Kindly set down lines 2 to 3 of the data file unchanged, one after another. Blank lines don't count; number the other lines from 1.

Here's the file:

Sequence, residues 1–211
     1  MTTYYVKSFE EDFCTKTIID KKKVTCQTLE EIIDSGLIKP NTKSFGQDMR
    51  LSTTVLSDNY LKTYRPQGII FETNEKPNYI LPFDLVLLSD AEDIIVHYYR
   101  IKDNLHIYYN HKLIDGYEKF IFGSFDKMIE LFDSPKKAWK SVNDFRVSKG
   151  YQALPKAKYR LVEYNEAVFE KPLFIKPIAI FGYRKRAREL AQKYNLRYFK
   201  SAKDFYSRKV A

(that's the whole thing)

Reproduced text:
     1  MTTYYVKSFE EDFCTKTIID KKKVTCQTLE EIIDSGLIKP NTKSFGQDMR
    51  LSTTVLSDNY LKTYRPQGII FETNEKPNYI LPFDLVLLSD AEDIIVHYYR